Carpenters' Hall

Weaving a Placemat

Skill Development

art, fine motor skills

Objectives

The students will be able to weave patterns with construction paper to make placemats. Classroom helpers will be needed to complete this lesson with students from pre-school to kindergarten.

Materials (per student)

  • Nine colored strips of paper 11 x 1 inches
  • Glue
  • One full colored sheet of paper

Pre-procedure (to be completed by teacher prior to lesson)

  • Fold the full sheet of paper in half width-wise
  • Measure out a full inch from the bottom of the paper and draw a line. DO NOT cut below this line
  • Cut eight slots, one inch apart, down to the one inch line.

Introduction

Explain to the students that in order to make a dress, a shirt or pants, it is necessary to make cloth. To make cloth, you must take a lot of thread and weave it, using something called a loom. This was the way that people made their clothing; they wove different patterns into the cloth to make interesting designs. Expain to the students that they will be making a placemat by weaving the pieces together, just as they did in the 1700's.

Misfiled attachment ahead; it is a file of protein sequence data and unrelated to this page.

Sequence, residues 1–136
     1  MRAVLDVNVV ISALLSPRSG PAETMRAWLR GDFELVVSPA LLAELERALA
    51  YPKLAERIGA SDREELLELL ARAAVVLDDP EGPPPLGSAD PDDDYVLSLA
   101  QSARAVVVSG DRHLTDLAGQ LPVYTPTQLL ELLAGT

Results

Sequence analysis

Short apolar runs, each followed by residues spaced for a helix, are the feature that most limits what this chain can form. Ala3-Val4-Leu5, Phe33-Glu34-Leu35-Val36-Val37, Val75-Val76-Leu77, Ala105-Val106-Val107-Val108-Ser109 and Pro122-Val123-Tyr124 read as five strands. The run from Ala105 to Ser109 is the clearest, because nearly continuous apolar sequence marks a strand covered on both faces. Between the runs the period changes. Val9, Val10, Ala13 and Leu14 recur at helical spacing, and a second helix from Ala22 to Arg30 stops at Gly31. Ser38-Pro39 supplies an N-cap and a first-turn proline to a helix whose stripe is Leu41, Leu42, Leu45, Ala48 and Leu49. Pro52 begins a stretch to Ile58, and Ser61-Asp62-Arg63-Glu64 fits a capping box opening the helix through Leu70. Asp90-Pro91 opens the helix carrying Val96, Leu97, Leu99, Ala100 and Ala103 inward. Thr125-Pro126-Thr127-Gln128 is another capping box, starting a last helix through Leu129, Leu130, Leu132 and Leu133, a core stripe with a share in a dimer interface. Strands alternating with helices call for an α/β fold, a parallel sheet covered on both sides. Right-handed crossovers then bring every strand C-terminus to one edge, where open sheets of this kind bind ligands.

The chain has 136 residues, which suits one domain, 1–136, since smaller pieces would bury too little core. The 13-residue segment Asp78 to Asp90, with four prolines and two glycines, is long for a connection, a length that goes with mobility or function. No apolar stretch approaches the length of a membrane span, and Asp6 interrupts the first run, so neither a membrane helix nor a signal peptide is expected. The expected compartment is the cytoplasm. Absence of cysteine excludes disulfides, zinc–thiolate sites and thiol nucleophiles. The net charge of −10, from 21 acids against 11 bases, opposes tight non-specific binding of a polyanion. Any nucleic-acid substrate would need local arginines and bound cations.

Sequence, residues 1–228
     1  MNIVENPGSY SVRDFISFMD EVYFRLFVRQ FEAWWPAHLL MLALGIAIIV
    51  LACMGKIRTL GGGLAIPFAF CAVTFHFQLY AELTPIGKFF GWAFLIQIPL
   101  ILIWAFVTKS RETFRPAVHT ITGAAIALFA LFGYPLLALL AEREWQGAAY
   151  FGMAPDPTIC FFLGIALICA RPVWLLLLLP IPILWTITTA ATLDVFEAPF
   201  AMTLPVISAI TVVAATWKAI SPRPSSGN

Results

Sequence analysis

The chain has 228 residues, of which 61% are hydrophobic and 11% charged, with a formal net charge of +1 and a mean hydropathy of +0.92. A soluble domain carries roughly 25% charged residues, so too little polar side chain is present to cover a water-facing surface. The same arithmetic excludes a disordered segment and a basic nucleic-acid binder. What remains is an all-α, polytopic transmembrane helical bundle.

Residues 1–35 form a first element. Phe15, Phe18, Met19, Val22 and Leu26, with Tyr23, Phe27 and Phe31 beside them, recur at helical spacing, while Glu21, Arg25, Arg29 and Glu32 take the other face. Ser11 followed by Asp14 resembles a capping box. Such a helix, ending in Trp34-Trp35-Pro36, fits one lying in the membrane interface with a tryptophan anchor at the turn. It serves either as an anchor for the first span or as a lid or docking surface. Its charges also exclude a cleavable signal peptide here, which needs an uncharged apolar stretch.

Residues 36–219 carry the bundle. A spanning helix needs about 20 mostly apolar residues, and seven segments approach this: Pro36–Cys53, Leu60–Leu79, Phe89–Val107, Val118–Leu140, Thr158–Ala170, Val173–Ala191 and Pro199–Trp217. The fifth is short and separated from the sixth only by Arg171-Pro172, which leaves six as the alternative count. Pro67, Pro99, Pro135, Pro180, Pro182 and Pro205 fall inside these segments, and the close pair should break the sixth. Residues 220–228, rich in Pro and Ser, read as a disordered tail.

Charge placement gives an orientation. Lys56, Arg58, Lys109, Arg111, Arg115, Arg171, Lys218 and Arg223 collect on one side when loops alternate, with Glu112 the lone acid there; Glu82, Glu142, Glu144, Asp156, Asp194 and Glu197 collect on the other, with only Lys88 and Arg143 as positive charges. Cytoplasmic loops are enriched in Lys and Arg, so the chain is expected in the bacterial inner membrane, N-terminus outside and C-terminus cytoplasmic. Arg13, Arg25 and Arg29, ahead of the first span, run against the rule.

Procedures

  1. Pass out nine strips of paper to each student, and pass out the other pre-prepared piece of paper.
  2. Demonstrate for them how to weave one strip of paper through the slots.
  3. Walk around the room as they continue to weave their placemats in this manner. Check for comprehension.
  4. Glue the ends of the strips down to the paper.

Conclusion

Have the students lift their placemats up and show the rest of the class. Review the concept of making clothing in this way, reminding them that the strips of paper are bigger than the individual pieces of thread. Instruct them to show their parents or guardians and make more placemats for meal usage.

Pictorial Instructions

placemat1

placemat2

placemat3

placemat4

Carpenters' Hall, 320 Chestnut Street, Philadelphia, PA 19106
Open free to the public daily, except Mondays (and Tuesdays in Jan. and Feb.), from 10am-4pm

Interested in using our pictures or information? Click here!

Copyright 1999-2013 by the Independence Hall Association,
a nonprofit organization in Philadelphia, Pennsylvania, founded in 1942.
Publishing electronically as ushistory.org. On the Internet since July 4, 1995.